Prime News Ghana

E-Levy: Minority's suit will bring clarity to quorum issues- Martin Kpebu

By Justice Kofi Bimpeh
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Private legal practitioner, Martin Kpebu says the second suit from the Minority in Parliament on voting quorum will bring clarity to the matter.

"I believe this second suit will be brought to a finality to the matter of quorum."

Speaking on the NDC's suit, he said currently there is no clarity on what the decision of the Apex Court means for proceedings in Parliament.

The Minority is in court contesting the voting quorum that paved way for the passage of the controversial E-Levy.

Meanwhile, Deputy Ranking Member on the Constitutional, Legal and Parliamentary Affairs Committee of Parliament, Francis-Xavier Sosu said President Akufo-Addo’s approval of the Electronic Transfer Levy (E-levy) is an act of lawlessness.

The President assented to the E-levy Bill on Thursday, despite a challenge at the Supreme Court by the Minority in Parliament against the passage of the Bill.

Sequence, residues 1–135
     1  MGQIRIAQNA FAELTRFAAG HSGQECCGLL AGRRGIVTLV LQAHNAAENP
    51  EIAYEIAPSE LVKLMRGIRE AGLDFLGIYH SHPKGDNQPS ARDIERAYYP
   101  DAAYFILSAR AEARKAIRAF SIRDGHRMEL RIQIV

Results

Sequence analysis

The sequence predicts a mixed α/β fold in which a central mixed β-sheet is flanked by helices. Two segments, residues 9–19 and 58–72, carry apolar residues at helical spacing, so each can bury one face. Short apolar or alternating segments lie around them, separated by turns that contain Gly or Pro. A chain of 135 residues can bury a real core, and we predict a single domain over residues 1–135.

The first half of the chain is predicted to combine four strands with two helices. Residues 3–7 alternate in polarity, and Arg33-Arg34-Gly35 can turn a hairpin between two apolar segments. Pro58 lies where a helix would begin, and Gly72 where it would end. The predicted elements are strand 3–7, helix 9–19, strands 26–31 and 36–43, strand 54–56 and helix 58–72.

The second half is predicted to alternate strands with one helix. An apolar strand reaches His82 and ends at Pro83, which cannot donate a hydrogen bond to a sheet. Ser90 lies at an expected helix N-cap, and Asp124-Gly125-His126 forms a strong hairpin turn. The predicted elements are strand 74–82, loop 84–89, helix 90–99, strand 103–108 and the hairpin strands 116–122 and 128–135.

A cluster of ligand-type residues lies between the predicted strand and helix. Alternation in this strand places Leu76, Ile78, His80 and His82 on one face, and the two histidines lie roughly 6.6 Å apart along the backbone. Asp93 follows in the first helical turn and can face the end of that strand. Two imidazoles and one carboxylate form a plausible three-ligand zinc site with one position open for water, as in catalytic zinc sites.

Mr. Sosu said the act by the President serves as disrespect to state institutions.

“It is quite disappointing that the President being very much aware that the process leading to the passage of the Bill is a subject matter of a challenge at the Supreme Court will go ahead and assent the bill to become law. It is also a stab of the claim of the President to be an ardent adherent to rule of law and due process.”

The Minister of Finance, Ken Ofori-Atta, has downplayed the lawsuit filed by the Minority in Parliament over the passage of the 1.5% electronic transfer levy.

Mr. Ofori-Atta who moved the motion for approval of the levy indicated that the claims are not factual.

The President, Nana Akufo-Addo, signed into law the E-levy, two days after it was passed by Parliament under controversial circumstances.

His action now paves the way for the implementation of the levy.

his came barely a day after some three members of the Minority NDC in Parliament filed a suit at the Supreme Court to challenge the passage of the levy, insisting Parliament did not have the numbers to pass it.

“I believe that, the claim of someone who is an ardent follower of democratic processes, belief in independent institutions must reflect in how things are done. So once the Bill has been passed in ways that have been challenged before the Supreme Court, one will have expected that the President abides by the decision of the Supreme Court before assenting to the Bill”, Mr. Sosu added.